How to… Fry an Egg
I was in New York last weekend and went to brunch at a restaurant where I’ve had consistently good food on every single one of my many visits. Sadly, this time around the stars were not in alignment. The meal got off to a bad start when I saw that the bread basket wasn’t on the menu. “Only on Sundays,” I was informed. What? Why can’t the public have baked goods on a Saturday? I was annoyed, but moved on. More room for the huge plate of beef, hash, and eggs I wanted. Not on the menu either. “Seasonal menu,” was the explanation. Apparently cows aren’t in season. Who knew.
Since this was my favorite brunch place when I lived in New York, I let both offenses slide and ordered the special: a breakfast sandwich with spicy merguez sausage, horseradish cream, and my favorite, fried eggs. I settled back into the booth and sipped my coffee. Things were going to be just fine.
And then my food arrived. The eggs – quel horreur! – were completely overcooked. The yolks were firm and the whites were crunchy. I don’t know how you like your eggs, but I like mine over-easy, i.e. firm but not crispy whites and yolks that run when pricked with a fork tine. I don’t usually send things back, but I was revolted and just had to get rid of them. I politely asked for a replacement (I even offered to keep the rest of the dish) and in good faith saw them off. But when the second batch of eggs showed up, I knew it was all over. This pair was raw. No question about it. The whites were not white, but unsettlingly mucous-y and clear, and the yolks bright marigold instead of delicately hidden under a thin, shell pink skin.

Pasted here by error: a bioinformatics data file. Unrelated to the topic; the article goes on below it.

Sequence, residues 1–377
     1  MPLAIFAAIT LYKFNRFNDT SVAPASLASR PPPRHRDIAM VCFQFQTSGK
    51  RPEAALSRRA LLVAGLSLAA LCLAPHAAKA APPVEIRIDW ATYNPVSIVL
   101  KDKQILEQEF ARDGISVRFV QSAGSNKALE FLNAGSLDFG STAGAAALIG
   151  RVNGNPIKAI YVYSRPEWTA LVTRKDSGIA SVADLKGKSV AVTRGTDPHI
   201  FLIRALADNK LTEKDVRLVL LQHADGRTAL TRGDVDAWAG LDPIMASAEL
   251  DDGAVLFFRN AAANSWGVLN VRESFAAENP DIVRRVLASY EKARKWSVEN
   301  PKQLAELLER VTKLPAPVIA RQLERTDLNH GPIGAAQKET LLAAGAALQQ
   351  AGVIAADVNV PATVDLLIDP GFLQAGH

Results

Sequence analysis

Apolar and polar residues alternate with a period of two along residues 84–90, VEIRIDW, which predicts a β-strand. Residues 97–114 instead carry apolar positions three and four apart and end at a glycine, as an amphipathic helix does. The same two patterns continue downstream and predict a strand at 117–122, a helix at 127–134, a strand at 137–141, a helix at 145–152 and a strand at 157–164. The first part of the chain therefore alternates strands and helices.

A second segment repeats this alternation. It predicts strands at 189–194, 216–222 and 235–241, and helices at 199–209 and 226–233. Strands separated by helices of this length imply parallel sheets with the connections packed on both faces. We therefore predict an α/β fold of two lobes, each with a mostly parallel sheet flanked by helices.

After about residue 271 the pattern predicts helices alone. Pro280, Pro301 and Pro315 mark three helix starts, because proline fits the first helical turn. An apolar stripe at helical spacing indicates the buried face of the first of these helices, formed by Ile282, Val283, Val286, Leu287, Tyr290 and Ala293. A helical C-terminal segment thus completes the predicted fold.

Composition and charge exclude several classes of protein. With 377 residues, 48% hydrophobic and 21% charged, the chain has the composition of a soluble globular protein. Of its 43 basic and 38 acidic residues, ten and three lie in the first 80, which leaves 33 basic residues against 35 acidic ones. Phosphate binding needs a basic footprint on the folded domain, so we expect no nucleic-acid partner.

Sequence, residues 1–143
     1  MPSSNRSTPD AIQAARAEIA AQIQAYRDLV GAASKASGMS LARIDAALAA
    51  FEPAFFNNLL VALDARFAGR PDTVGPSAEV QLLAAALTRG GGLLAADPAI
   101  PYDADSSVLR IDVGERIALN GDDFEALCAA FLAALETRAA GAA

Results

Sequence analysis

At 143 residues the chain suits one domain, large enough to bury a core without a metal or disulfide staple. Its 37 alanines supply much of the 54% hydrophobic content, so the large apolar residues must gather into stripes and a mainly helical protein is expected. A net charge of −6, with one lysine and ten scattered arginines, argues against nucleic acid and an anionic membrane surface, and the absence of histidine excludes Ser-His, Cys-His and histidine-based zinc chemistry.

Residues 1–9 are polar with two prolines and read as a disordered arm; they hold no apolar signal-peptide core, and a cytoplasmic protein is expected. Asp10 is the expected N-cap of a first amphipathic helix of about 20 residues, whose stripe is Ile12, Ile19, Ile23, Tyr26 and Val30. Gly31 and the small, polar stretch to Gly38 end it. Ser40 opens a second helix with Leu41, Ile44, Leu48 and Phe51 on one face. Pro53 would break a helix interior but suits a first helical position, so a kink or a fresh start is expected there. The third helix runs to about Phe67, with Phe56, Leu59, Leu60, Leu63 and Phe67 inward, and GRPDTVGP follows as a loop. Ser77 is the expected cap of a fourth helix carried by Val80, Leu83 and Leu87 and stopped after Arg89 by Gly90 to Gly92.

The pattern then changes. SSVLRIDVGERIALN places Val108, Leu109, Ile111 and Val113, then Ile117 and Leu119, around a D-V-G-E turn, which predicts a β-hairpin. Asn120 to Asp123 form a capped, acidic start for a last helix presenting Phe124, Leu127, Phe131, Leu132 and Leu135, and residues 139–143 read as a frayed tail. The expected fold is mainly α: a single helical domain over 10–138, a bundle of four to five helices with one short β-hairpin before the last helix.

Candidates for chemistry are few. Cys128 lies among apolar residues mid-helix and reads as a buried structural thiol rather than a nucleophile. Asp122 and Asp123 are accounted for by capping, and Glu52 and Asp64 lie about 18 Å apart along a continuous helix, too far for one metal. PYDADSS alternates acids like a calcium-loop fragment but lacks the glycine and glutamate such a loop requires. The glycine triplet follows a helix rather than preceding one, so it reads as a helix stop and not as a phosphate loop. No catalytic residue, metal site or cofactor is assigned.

Step 3 of my previous post explains how to make eggs over easy, but after last weekend’s debacle it occurred to me that perhaps the frying of an egg – or at least my version of the method – deserved a post all of its own. If you hate this recipe, e-mail me and I’ll tell you where to go in New York for a well done egg.
1 pat of butter
1 pinch salt
1 tablespoon water
Crack the egg into a teacup or cereal bowl.
Melt the butter in a small nonstick pan over medium-high heat. Swirl the pan around to evenly grease it.
Gently slide the egg into the skillet and sprinkle it with salt. The edges will start to bubble and turn white after about 15 seconds.
At that point, add the water and cover it with a lid.
Cook the egg for 1 to 2 minutes until the white is set and the yolk has a pale pink coating over it.
Transfer the egg to a plate and enjoy.
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